“It’s never too early or too late to make a difference.”
Ryan Hickman is 14 years old and already has a non-profit recycling business under his belt. He has also appeared on talk shows, met celebrities and travelled in a submarine in the Mediterranean Sea. But, as Ryan explains, nothing compares to the impact he has made from recycling, and helping others to recycle, millions of cans and bottles.
What ignited your passion for recycling?
When I was three years old, my dad and I took a few small bags to the local recycling centre. I just loved seeing all the cans and bottles being sorted and crushed up. As I got a bit older, I had an idea to ask all our neighbours to start recycling with me, too.
How does Ryan’s Recycling work?
Ryan’s Recycling started with people calling or emailing my dad and leaving their cans and bottles for me to collect, rather than throwing them away. We pick up the items on weekends, and then I sort them and take them to be recycled. Most people I recycle with have been my customers for a long time, so they’ve seen me grow up over the past 11 years. I collect every week and have hundreds of customers. The money I make from the recycling redemption fees goes towards my college fund.
Two years ago, we started a residential programme called Recycle From Home, which a pilot programme launched with the State of California to get more people recycling. We have a fleet of vans and a team of drivers who collect cans and bottles from customers in select cities. We pay our customers for their cans and bottles.
What is Project3R?
So many people were asking me how they could help support my efforts, so my dad and I created Project3R. It’s a non-profit organisation that leads community clean up events and classroom teaching sessions for elementary schools in my local area. We have an amazing team of people who help run Project3R.
When did you start public speaking?
My first public speaking event was at my school when I was in 1st grade. I spoke to all the kids about recycling. After that, I spoke at stadiums and arenas full of people, so I quickly got used to it.
Where do you get the confidence to talk in front of thousands of people?
I don’t really get nervous in front of crowds, so I guess I’m lucky that way. I once spoke at an event in Vancouver, Canada, in front of 23,000 kids. I think that’s the biggest event I’ve ever spoken at.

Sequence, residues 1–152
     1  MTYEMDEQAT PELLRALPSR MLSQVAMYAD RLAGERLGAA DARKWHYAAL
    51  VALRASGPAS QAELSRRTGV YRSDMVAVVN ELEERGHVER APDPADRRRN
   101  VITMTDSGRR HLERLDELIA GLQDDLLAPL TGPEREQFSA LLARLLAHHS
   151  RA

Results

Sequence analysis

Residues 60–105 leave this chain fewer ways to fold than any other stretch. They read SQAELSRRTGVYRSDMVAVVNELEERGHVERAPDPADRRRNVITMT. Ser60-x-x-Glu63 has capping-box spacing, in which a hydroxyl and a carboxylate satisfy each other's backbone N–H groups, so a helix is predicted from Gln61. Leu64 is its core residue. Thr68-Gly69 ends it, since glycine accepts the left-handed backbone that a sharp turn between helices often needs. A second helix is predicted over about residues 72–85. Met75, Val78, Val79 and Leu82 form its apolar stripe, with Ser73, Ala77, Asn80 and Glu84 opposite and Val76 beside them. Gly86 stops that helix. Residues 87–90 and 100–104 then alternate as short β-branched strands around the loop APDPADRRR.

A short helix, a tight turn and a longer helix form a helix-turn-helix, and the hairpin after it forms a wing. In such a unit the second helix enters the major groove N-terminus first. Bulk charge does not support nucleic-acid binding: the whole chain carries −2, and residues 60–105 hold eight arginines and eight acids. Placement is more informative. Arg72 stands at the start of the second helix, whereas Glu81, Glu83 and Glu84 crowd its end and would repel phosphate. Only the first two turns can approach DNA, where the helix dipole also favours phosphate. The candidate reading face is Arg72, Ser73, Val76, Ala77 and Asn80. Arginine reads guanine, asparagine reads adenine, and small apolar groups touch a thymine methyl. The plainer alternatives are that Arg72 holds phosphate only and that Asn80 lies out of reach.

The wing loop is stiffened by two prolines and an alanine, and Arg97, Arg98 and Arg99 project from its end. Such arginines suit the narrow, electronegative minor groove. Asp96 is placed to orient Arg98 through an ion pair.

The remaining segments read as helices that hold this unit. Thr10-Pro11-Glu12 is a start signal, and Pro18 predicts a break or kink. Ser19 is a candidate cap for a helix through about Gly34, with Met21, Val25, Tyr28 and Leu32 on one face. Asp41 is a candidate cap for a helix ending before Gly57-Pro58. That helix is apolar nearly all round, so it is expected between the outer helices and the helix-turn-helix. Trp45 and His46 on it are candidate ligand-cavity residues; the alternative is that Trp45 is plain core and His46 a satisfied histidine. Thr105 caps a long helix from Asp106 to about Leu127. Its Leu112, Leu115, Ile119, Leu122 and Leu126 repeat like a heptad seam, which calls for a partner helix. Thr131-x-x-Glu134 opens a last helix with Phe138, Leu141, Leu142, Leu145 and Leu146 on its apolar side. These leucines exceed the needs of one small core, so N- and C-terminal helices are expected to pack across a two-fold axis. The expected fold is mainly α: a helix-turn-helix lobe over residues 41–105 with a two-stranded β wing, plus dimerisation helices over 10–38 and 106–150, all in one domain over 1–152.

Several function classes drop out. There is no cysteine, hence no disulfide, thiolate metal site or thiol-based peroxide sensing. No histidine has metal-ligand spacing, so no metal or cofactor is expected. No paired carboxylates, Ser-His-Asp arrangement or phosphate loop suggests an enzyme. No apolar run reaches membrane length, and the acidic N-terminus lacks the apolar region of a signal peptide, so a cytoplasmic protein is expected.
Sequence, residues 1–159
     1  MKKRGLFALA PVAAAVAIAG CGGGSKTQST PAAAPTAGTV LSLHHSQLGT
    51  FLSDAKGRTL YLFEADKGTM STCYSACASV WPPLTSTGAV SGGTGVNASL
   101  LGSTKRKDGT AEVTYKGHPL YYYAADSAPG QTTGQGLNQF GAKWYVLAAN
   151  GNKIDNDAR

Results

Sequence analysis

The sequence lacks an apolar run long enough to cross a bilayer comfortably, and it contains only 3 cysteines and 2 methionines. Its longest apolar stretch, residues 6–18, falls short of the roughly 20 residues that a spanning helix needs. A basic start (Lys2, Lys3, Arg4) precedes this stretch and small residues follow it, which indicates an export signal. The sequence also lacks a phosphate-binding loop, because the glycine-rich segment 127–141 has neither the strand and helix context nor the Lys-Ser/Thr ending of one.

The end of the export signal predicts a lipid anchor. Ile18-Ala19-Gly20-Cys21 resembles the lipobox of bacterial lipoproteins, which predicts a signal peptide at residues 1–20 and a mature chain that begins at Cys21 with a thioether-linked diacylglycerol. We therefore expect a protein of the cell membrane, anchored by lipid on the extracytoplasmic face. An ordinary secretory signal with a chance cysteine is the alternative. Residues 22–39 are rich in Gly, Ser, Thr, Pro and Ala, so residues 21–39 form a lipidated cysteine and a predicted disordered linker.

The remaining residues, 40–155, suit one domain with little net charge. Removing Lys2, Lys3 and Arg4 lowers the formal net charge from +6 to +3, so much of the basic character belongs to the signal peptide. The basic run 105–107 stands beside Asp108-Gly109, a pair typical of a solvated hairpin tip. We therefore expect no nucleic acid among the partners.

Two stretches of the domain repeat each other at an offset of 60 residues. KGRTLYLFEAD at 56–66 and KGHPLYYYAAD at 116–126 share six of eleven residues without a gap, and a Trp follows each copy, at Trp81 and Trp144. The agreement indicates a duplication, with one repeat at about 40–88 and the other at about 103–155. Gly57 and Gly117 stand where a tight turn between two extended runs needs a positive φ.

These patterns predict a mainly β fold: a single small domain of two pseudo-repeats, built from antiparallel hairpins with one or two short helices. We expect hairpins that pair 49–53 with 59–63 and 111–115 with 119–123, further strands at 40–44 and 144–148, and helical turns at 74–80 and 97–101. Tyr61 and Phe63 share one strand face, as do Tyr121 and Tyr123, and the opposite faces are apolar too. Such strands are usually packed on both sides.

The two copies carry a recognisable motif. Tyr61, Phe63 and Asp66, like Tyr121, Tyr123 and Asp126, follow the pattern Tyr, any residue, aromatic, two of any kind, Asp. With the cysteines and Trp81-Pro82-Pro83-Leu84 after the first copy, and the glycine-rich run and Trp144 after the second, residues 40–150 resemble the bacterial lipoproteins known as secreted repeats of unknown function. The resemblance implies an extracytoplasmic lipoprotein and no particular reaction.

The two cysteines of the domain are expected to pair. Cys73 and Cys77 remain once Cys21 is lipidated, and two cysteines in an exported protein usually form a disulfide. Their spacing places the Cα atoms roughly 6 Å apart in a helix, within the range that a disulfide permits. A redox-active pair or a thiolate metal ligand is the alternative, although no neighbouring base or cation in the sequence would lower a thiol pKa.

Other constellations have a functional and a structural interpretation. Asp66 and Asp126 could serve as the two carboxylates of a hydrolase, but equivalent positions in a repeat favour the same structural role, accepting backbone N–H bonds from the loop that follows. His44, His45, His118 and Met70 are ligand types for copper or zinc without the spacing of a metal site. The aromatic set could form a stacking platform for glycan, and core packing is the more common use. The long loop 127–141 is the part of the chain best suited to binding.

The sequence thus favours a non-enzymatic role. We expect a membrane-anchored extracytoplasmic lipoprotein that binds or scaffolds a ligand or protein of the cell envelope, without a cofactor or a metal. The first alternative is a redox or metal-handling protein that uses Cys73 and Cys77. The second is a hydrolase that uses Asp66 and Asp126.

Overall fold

When you give presentations at schools, what is the most frequently asked question?
A lot of kids ask me how they can get started doing what I do. I tell them to start by recycling a little bit each day. Picking up a piece of trash from the ground might save an animal’s life, and recycling what you can each day makes a difference. You don’t have to be crazy about recycling like me because if everyone does a little bit, it adds up to a big difference.
© Ryan Hickman
© Ryan Hickman
© Ryan Hickman
I also get asked about some of the celebrities I’ve met, the television shows I’ve been on and places I’ve been to.
How did you manage to get invited to clean up rubbish from the riverbanks of the Rhine River in Mainz, Germany?
I went to Germany with my friends at GotBag. They make travel bags out of ocean-bound recycled plastic. There was a huge turnout of people to help clean up trash along the riverbanks. One thing I noticed was that there weren’t any plastic water bottle caps like we have in the US. There were a lot of metal water bottle caps, though. We picked up a lot of trash, but it was a great event.
I loved going to Mainz. Some people recognised me when I was walking around there, which was pretty cool!
Is this your most exciting experience so far?
It’s definitely one of my favourites. I’ve been in a submarine with OceanX* in the Mediterranean Sea where I picked up a glass bottle from the bottom of the ocean and had it recycled. I’ve also been to Bogota, Colombia, speaking to thousands of kids. But it’s also super exciting when hundreds of people show up to help me clean up a beach, wherever that may be.
You have recycled over 1,838,800 cans and bottles to date. How do you keep count?
We count everything we recycle, and we’ve done this since the very first time we went to the recycling centre. Everything is weighed so we’re able to divide the total weight by the weight of an aluminium can or plastic bottle. I’m hoping to reach 2 million by the end of 2023.
How do you find the time to run a business, give presentations and go to school?
I’m pretty busy, but it’s fun. My first priority is school, and my parents line up events for me and set my calendar. I usually recycle a little bit each night, and we do beach clean ups on Sunday nights. My dad helps me handle a lot of the business stuff, too.
Do you think anyone at any age can start a project like yours?
Definitely! I was only three years old when I started. It’s never too early or too late to make a difference. I’ve had older people tell me that they recycle now that they’ve seen me do it, and I get fan mail from all over the world from people who have been inspired to recycle. I think that’s super cool.
What are your hopes for the future?
I’m going to keep doing what I do and maybe, someday, I’ll get to 10 million recycled items. I hope that our Recycle From Home business gets into hundreds or thousands of cities. I think if we make recycling easy to understand and accessible, more people will take part. Most people want to do the right thing and help the environment but aren’t clear on how they can make a difference.
* OceanX is a global community of explorers, scientists and storytellers dedicated to inspiring and educating people to protect the oceans.